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The best location for the Parthenon Marbles

Posted at 4:05 pm in British Museum, Elgin Marbles, New Acropolis Museum

The Parthenon Marbles have been displayed in London for nearly two hundred years & many people have benefited from them being there during that time. Now though, it is time for the British Museum to re-asses the situation & consider whether they would be better displayed in Greece.

New York Times

Majestic in Exile
Published: June 18, 2009

As a Greek, I have to visit the Parthenon Marbles in the British Museum whenever I am in London.

I understand the strong feelings of my compatriots who want to see these unsurpassed sculptures returned home, ending the wrong done by Thomas Bruce, 7th Earl of Elgin, two centuries ago. I feel the sense of dislocation — the incongruity — of the brilliance of Classical Athens at its peak trapped in a dull northern light, carried off by a foreign aristocrat and sold at a time when Greece itself was enslaved and its people unable to prevent the looting of their treasures.
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President of the European Parliament shown around the New Acropolis Museum

Posted at 3:55 pm in Elgin Marbles, New Acropolis Museum

Hans-Gert Pöttering, the president of the European Parliament has been shown around the New Acropolis Museum & spoke positively about it whilst on a visit to Greece.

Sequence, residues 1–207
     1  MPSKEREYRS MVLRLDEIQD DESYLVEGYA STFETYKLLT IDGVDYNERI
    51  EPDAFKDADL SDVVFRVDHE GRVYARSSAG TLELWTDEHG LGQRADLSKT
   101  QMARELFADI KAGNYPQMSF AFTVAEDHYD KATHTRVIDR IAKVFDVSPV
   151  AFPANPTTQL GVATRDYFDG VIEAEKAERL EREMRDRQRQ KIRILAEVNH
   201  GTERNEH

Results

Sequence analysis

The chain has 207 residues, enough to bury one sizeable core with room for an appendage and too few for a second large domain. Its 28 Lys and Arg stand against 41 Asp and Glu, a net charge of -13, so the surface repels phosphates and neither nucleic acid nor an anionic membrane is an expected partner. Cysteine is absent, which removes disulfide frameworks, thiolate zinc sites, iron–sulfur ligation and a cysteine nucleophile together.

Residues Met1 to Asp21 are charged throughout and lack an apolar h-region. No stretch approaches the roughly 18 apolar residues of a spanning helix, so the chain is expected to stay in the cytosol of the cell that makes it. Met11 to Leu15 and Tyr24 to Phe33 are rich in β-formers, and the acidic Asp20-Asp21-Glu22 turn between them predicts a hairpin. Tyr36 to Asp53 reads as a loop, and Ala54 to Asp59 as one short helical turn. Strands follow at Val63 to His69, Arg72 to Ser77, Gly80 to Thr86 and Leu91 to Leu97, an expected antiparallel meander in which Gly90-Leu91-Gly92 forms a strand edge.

01 Jul 2009
Karamanlis-Pöttering Meeting

Greek Prime Minister Kostas Karamanlis met Wednesday with Hans-Gert Pöttering, President of the European Parliament, at Maximos Mansion. The two men discussed the developments in the European Union after the June European elections, the financial turmoil and the Lisbon Treaty. The Greek Premier thanked Pöttering, whose term is about to expire, for the excellent level of cooperation they had. Pöttering, on his part, praised Greece for its contribution to the strengthening of the institutions of the European Union with the ratification of the Treaty. After the meeting, the President of the European Parliament toured the New Acropolis Museum.

The two men exchanged views on the implementation of the Lisbon Treaty and the enhancement of the European Parliament’s role. Karamanlis assured Pöttering that Greece will support the work and initiatives of the European Parliament.
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July 1, 2009

Why should the Greeks build a statue of Lord Elgin in Athens?

Posted at 1:07 pm in British Museum, Elgin Marbles, International Association, New Acropolis Museum

Richard Dorment’s article in the Daily Telegraph unsurprisingly provoked many angry responses on the newspaper’s comments page. Not least, were the claims that the sculptures have been, & would continue to be, better displayed & looked after in the British Museum than in the New Acropolis Museum.

London Daily News

01 July, 2009 12:03 (GMT +01:00)
“Greeks should build a statue to Lord Elgin in Athens”, Telegraph editorial
International News

In what is becoming an increasingly protracted debate, the issue of the reunification of the stolen marbles of the Parthenon took a new dynamic with a highly provocative editorial by Richard Dorment the arts editor of the Daily Telegraph calling for the Greeks to “erect a statue of Lord Elgin near the Parthenon to express their nation’s gratitude to him for saving the marbles”.